EU: ‘No negotiation with Israel on settlement labeling’
EU ambassador adamant there’s ‘nothing to negotiate’ on imminent discriminatory labeling, French ambassador admits political statement.
EU Ambassador to Israel Lars Faaborg-Andersen, together with French Ambassador to Israel Patrick Maisonnave, spoke to Arutz Sheva on Tuesday about the impending EU labeling of products from Jews in Judea and Samaria.
Faaborg-Andersen began by saying the decision to label “settlement” produce was made back in 2012, and is now being implemented with an exact start date expected to be announced soon.
When asked about Israeli pressure in response to the discriminatorypractice, the EU ambassador said, “it’s a technical thing, it’s about compliance with our own rules and regulations so there’s not so much to negotiate on that.”
“It’s a strictly legal technical matter which doesn’t really lend itself to any kind of negotiation, and I think that’s the framework in which it has to be seen, rather than any political move,” he added, rejecting the notion of discussing the move with Israel.
Despite his talk of rules and regulations, Dutch European Union MP Bastian (Bas) Belder warned in late September that the labeling breaches international law, in an assessment that was shared by international legal expert Professor Eugene Kontorovich of Northwestern University.
Kontorovich said that the EU was discriminating against Israel by singling it out and ignoring other disputed areas in labeling, such as the Western Sahara, which Morocco is occupying while exporting a large amount of fish products to the EU.
A matter of law?
Maisonnave echoed the EU ambassador, telling Arutz Sheva on Tuesday that the labeling is a matter of implementing law.
“At the end of the day it’s a matter of implementation of European law, but also the information that has to be provided to the European consumer,” he said.
When asked whether beyond implementation there is not a statement in the move, he acknowledged, “there is a statement, I mean everyone knows the position of the European Union regarding the settlements so it’s a kind of consequence of this well-known European position.”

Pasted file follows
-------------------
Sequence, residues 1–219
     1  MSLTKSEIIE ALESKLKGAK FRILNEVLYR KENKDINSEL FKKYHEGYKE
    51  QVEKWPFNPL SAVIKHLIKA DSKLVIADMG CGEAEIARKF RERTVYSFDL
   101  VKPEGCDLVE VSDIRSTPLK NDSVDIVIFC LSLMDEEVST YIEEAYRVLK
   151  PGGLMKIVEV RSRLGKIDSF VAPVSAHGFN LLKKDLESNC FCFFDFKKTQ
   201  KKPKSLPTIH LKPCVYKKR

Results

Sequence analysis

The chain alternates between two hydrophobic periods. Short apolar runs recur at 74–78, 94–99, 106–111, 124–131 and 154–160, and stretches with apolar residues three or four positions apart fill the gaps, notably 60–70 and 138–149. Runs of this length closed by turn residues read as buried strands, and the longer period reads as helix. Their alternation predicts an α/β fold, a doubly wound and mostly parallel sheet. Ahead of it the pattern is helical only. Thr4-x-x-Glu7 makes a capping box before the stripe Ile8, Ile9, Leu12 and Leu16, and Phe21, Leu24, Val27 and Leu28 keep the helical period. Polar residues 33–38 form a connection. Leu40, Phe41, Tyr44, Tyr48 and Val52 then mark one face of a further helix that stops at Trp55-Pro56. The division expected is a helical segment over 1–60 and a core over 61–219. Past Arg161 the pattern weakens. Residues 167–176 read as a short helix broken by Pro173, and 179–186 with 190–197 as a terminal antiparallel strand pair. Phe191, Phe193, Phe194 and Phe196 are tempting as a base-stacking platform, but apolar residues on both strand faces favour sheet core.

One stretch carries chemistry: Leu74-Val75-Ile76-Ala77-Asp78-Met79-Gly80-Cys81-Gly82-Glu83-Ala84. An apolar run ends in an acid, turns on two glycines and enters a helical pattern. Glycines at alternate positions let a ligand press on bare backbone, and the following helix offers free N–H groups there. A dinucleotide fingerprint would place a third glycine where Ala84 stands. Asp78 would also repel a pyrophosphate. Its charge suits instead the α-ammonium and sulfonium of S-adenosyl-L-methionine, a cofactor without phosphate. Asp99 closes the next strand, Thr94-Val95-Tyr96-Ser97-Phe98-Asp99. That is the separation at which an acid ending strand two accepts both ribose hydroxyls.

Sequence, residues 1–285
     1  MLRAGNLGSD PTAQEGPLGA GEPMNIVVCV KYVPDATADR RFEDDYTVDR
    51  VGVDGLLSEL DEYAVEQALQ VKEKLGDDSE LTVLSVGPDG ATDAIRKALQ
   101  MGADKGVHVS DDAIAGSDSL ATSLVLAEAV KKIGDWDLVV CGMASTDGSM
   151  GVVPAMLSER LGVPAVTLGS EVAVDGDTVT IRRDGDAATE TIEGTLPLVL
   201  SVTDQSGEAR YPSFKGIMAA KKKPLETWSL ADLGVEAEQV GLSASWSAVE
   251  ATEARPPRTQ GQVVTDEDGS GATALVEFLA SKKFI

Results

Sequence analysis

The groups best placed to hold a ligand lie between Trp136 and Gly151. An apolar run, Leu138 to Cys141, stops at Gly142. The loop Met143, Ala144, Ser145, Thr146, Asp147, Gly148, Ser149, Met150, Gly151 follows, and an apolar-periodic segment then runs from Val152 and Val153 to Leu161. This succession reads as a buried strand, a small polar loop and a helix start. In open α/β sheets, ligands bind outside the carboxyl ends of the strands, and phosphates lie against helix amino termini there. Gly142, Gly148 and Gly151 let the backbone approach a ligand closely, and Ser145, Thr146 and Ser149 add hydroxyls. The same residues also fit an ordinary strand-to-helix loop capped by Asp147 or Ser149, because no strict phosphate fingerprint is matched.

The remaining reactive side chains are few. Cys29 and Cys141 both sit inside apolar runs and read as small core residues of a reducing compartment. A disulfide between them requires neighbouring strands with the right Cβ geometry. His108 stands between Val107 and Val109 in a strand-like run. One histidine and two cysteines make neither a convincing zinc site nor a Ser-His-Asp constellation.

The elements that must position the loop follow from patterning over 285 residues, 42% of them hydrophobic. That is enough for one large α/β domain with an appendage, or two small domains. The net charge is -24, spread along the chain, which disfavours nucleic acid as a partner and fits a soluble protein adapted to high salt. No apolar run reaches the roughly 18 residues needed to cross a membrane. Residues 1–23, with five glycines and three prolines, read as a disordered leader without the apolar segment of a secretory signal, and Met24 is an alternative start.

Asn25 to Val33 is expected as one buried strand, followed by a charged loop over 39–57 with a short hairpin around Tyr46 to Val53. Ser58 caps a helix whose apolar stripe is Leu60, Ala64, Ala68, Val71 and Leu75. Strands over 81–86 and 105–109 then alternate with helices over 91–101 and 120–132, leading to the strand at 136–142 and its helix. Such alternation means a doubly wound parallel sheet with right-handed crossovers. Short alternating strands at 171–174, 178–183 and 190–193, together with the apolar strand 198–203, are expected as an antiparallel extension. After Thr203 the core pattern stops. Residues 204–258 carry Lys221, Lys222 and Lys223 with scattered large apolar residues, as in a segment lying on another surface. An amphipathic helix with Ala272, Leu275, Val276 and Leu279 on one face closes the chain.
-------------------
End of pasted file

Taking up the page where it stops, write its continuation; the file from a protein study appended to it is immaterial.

When asked about the economic harm that the labeling is anticipated to inflict against Palestinian Arab workers at Jewish factories, Maisonnave stuttered around the question before saying, “if I consider that the role that the products of these settlements play in the Israeli economy, I can imagine it will not harm the Israeli economy much.”
The French foreign minister appeared to be trying to play down the economic damage threatened by the move singling out Israeli products from Judea and Samaria, and dismissing its potential impact on Arab workers.
Along the same lines, Faaborg-Andersen said, “it’s a question of whether you are talking this up or talking it down, and there the issue is what context do you see it in. We see it in a predominantly technical context and therefore we think that it’s really not something that ought to create a major rupture in our relationship (with Israel).”
“That is our point of view, others may have a different point of view, but nevertheless that remains our view.”
Regarding the legality of Israel’s presence in Judea and Samaria, and consequently the legality of products from there, the 2012 Levy Report proved that Israel’s presence in its Biblical heartland is completely legal according to international law.
However, despite being commissioned by Prime Minister Binyamin Netanyahu, the coalition government has yet to adopt the report.